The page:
A Second Before: A Discussion on Anti-Terrorism Operations with Italian Prosecutor Stefano Dambruoso

Eric Terzuolo

Wednesday, December 12, 2012

US-Italian differences over the Milan kidnapping and “extraordinary rendition” of Egyptian terrorism suspect Abu Omar in 2003, and the subsequent conviction in Italian court of 22 CIA operatives (in absentia), should not obscure the fact that the US and Italy have a long history of cooperation against international security threats, from organized crime to terrorism.  It was the Forum’s pleasure to participate in organizing an event December 4 on Islamic fundamentalist terrorism in Europe.  (The National Italian American Federation, which provided a wonderful venue, and Italians in DC did the heavy lifting, though.)


The keynote speaker was Stefano Dambruoso, a veteran Italian magistrate with an impressive track record in prosecuting organized crime and terrorism cases, and who was among the first anywhere to recognize and warn of the Al Qaeda threat.  Dambruoso presented his recent book Un istante prima (A second before), which he co-wrote with Italian journalist Vincenzo Spagnolo, where he describes how Islamic fundamentalist terrorism has changed in the 10 years after 9/11, putting down roots in Europe.  The book draws on Dambruoso’s experience as a prosecutor, at the United Nations, and as head of the international relations office at the Italian Ministry of Justice, addressing the situation in Italy and in many other countries as well. Dambruoso gives his compelling story a sense of unity by winding back repeatedly to the story of Muhammad Game, a Libyan living in Milan, a seemingly successful case of integration, living with an Italian woman, children, a good enough job, a house.  Suddenly he looses his job. He cannot afford the life he had anymore and he spirals into despair. Through friends he starts attending meetings at the local mosque, but the preaching does not satisfy his rage, his need for action, and he manages to get a computer and an Internet connection and start getting in touch via web with more radical fundamentalist ideologies.  On October 12, 2009 Mohammed Game attacked an Italian Army barracks in Milan with an improvised explosive device similar to the ones used in the London underground attack. He survived, though severely injured, and Italy narrowly avoided its own little 9/11.  Written in an effective style, appropriate for the broad reading public, Dambruoso’s book usefully puts a face, or a series of faces, on Islamic fundamentalist terrorism.  It also explains in detailed yet accessible style the laws and law enforcement tools required to combat terrorism effectively. As Dambruoso writes in his book, the peace of “our society needs watchdogs, ready to sniff out the risk, to bark and even to bite anyone who is about to break” the peace.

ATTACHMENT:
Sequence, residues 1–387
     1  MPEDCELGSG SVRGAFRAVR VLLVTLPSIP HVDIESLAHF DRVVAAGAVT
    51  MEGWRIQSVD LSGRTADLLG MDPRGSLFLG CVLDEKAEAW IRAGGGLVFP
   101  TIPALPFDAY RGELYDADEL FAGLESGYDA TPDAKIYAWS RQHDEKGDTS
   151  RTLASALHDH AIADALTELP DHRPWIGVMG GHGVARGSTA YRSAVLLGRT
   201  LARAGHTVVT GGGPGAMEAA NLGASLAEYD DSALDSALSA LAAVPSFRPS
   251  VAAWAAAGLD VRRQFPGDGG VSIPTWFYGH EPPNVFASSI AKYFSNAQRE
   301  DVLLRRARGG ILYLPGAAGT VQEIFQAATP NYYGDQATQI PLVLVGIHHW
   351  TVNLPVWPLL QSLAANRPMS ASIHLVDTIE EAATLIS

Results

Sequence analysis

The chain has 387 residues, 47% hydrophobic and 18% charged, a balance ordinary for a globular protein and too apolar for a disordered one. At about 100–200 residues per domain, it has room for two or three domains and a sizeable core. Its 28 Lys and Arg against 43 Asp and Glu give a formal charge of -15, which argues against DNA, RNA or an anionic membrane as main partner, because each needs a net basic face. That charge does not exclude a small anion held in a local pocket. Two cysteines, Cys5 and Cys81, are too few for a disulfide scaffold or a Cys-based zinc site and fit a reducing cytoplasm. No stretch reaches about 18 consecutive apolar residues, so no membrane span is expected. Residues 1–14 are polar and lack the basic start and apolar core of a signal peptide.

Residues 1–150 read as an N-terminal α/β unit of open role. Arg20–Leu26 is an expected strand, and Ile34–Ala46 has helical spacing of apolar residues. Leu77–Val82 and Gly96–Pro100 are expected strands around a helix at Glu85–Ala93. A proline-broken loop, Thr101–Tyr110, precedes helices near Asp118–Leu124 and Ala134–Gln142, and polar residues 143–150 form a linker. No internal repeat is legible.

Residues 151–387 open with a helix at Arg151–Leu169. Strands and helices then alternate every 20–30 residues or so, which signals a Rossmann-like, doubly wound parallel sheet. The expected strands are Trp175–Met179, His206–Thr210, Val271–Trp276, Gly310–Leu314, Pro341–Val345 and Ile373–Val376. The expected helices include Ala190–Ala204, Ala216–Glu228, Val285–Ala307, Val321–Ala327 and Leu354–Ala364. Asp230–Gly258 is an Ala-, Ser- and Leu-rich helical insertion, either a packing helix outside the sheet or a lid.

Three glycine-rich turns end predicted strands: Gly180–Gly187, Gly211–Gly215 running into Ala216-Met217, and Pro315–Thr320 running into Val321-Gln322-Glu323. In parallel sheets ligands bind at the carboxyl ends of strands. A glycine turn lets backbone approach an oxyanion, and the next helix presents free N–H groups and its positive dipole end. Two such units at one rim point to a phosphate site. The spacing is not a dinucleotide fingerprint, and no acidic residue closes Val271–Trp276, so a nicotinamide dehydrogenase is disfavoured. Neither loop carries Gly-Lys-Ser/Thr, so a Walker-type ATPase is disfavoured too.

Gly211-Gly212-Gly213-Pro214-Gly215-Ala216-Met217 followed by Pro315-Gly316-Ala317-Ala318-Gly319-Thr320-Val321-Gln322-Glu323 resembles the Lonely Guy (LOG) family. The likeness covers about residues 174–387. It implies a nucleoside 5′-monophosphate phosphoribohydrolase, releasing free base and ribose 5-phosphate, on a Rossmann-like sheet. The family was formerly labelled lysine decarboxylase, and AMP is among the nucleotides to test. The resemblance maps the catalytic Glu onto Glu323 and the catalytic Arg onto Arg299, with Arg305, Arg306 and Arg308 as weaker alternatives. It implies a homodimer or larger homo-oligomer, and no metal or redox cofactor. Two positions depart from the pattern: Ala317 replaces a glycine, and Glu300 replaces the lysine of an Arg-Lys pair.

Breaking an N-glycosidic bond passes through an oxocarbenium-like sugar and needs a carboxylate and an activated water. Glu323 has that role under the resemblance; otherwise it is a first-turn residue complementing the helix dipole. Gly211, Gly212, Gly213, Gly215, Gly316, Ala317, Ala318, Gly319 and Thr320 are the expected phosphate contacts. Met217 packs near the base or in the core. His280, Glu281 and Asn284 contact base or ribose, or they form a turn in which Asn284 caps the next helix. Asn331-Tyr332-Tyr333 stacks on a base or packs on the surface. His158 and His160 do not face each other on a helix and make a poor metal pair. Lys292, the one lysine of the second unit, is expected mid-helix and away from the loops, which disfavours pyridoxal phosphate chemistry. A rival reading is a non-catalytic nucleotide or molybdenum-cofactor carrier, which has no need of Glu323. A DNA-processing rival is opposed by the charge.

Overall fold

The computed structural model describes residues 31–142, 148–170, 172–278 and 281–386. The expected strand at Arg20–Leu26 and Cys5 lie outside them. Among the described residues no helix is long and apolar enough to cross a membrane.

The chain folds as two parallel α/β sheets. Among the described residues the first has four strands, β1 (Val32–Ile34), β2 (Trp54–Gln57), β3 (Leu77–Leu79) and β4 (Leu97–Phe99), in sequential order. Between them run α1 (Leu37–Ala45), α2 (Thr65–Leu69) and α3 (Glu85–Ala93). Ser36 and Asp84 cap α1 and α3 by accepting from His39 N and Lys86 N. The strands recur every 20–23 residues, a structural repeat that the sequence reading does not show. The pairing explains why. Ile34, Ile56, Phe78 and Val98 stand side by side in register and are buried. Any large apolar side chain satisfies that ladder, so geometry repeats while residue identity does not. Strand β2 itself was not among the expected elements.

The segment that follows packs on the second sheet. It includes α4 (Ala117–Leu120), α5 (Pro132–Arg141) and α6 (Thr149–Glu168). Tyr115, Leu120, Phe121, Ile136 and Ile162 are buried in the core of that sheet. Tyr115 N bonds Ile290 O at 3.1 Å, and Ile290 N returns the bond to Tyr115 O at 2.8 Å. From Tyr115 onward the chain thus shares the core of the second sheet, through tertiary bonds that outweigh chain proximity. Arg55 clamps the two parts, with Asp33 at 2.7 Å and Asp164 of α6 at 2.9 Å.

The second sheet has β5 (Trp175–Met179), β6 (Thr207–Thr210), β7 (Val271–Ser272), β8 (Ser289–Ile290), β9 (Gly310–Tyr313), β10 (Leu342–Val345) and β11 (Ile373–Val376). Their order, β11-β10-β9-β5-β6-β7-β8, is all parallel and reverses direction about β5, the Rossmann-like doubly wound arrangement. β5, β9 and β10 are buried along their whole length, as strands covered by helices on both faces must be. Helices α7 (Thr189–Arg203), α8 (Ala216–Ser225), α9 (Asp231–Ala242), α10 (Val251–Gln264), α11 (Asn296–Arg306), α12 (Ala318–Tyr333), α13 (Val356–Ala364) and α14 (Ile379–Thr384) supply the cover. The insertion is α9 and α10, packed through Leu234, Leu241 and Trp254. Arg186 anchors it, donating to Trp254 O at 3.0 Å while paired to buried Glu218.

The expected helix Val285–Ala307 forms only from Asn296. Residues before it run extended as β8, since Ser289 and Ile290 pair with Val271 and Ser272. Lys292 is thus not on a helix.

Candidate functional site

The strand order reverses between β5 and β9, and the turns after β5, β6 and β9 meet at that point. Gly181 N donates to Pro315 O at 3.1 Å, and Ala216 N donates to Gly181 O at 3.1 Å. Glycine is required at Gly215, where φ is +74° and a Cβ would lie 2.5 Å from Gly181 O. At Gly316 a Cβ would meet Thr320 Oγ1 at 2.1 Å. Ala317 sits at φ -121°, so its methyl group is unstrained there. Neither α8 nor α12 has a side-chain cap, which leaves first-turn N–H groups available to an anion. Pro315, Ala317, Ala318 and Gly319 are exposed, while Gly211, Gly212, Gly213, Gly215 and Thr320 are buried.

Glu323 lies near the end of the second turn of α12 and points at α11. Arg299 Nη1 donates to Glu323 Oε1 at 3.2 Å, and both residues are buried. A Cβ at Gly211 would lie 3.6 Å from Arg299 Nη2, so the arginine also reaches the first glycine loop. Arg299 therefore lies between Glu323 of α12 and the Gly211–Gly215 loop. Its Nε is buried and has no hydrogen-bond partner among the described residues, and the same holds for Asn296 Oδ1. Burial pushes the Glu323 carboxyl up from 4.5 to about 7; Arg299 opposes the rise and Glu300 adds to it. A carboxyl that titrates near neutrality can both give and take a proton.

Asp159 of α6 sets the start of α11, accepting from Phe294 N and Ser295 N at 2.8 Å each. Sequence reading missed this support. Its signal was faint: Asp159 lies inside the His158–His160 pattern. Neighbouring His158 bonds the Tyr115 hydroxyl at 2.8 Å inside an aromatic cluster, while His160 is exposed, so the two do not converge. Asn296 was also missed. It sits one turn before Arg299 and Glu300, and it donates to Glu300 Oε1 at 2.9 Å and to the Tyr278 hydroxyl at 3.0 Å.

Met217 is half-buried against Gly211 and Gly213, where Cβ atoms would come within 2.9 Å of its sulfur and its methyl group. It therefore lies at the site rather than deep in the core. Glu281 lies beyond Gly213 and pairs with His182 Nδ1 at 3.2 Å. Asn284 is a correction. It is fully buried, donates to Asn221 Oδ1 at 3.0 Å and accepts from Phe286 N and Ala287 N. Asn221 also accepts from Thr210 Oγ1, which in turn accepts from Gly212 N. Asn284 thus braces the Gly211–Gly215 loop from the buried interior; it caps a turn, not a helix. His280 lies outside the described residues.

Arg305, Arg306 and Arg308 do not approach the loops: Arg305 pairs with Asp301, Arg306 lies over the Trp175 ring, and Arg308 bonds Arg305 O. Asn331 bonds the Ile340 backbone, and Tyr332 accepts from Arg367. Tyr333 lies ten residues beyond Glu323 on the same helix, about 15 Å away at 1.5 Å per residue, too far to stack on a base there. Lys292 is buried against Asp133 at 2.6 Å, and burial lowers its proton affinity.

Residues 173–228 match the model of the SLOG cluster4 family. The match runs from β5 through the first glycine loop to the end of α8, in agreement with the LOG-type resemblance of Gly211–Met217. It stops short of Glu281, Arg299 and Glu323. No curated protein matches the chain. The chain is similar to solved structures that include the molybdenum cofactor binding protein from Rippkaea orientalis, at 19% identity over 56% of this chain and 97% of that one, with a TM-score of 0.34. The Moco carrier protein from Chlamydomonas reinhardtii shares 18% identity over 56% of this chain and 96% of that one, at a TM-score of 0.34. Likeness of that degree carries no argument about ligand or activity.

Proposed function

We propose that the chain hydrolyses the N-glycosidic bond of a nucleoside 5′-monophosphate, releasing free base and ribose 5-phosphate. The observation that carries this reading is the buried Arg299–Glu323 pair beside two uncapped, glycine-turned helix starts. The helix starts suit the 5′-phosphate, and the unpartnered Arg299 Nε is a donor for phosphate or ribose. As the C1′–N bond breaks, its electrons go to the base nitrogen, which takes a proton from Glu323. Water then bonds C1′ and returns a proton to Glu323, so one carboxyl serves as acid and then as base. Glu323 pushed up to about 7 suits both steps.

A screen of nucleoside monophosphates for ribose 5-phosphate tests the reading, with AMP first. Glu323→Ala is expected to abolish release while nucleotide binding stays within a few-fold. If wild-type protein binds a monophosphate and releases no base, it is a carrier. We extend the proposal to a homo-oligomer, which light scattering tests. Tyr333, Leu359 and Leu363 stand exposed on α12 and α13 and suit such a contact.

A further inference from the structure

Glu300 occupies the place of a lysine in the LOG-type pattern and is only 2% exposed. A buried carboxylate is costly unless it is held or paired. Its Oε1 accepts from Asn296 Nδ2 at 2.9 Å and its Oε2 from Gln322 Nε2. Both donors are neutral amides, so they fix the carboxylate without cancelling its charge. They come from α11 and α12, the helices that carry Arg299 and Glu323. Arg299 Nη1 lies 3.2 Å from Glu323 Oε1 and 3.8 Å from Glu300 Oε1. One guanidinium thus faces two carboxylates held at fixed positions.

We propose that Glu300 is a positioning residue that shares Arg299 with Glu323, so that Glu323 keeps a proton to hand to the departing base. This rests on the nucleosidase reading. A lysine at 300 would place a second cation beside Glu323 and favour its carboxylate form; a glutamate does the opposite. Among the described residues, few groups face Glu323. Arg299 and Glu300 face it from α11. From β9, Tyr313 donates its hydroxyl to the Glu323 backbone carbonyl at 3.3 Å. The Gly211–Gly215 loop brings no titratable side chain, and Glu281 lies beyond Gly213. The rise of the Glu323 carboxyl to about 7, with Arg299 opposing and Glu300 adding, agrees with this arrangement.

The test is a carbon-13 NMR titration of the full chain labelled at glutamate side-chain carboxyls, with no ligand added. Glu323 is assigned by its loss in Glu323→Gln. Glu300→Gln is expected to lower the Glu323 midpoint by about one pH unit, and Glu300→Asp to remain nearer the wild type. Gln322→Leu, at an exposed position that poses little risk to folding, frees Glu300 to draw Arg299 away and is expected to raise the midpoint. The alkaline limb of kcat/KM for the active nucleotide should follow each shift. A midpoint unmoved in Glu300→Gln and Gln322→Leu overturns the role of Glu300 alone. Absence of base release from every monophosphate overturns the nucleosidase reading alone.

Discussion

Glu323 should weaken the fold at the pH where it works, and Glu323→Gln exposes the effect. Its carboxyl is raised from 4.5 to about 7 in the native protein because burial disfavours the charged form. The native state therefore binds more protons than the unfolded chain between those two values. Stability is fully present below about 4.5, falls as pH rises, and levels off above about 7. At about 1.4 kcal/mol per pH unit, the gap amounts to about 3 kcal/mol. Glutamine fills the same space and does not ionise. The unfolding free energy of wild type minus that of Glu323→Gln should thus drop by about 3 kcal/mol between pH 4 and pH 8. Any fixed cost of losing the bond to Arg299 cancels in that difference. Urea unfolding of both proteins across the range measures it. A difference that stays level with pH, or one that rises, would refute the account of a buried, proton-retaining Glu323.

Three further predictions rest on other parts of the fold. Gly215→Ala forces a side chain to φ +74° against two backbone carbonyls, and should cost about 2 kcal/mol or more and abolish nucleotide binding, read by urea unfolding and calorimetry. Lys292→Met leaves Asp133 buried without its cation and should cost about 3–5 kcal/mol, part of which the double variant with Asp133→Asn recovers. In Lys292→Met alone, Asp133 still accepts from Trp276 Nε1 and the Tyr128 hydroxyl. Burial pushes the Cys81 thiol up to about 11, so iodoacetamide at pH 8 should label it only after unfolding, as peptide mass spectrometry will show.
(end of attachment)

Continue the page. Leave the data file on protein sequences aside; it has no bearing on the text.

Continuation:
In addition of Dambruoso’s forceful and compelling presentation of the arguments in his book, we were privileged to have on our panel Guido Olimpio, the Washington correspondent for leading Italian daily Corriere della Sera, who has written extensively on terrorism.  Olimpio stressed how the Arab Spring has in some ways made the lives of Islamic fundamentalists easier.  Daniele Moro, visiting scholar at the John Hopkins School of Advanced International and a leader of the US-Italy Global Affairs Forum, who has been studying the Maghreb situation closely, noted that transition to democracy in the region was a complex process, and the final results, and the impact on Europe, remain unclear.  I focused on Dambruoso’s book, underlining how it will help the public better understand the complex and important phenomenon of Islamist terrorism.  The standing room only crowd was very engaged, asked lots of good questions, and continued the conversation informally after the “official” end of the event.